Alexander Borisovich Kamensky, chief researcher of IGITI, head of the School of Historical Sciences, spoke on the air of Public Television of Russia about the problems of historical knowledge today, about the book by I. M. Savelyeva and A.V. Poletaev “Do Americans know history” and tried to highlight general questions that arise when referring to historical science. See the recording of the program “Figure of Speech”.

    An interesting selection of opinions of various historians “on the problems of modern historical science, ideas about the past in new media and history as a resource”.

    On the problems of modern historical science, ideas about the past in new media and history as a resource

  2. But if you turn a little in the other direction. I agree with this statement: “History is not a science. This is a set of stories that I don't have to believe at all, I just use it as a chronology — that is, a certain order of stories. What is science? Science deals with the truth. The truth is something that can be verified. History is a very, very conditional concept, which, by virtue of a social contract, we recognize as a certain past. People want to have a clear, clear past, and they react very painfully when someone tries to deprive them of that past.”�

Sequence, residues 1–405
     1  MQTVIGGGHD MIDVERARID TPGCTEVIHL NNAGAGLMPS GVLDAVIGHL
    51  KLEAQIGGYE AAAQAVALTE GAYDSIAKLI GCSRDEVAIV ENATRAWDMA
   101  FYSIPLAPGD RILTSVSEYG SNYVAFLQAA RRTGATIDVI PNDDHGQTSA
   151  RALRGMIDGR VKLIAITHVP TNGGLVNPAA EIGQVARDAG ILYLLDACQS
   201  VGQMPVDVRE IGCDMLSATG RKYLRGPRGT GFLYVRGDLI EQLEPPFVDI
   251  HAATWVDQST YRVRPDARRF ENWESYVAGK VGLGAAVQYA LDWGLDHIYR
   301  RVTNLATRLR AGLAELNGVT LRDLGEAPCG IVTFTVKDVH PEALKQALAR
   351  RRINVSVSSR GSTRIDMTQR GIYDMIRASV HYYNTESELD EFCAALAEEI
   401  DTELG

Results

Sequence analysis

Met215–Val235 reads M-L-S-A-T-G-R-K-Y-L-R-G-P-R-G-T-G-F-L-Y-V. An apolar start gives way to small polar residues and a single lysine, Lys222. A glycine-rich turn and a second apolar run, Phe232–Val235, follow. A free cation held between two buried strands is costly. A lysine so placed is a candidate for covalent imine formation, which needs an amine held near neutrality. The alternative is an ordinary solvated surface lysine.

Well, yes, in quotation marks, because the words are not mine, but in general, history is a myth that cannot be verified. Do you really think that the losers will write that here, they say, we are lasers like this? I do not believe. Over time, there will be a wild substitution, and in modern, such as history, losers will become, if not winners, then certainly not losers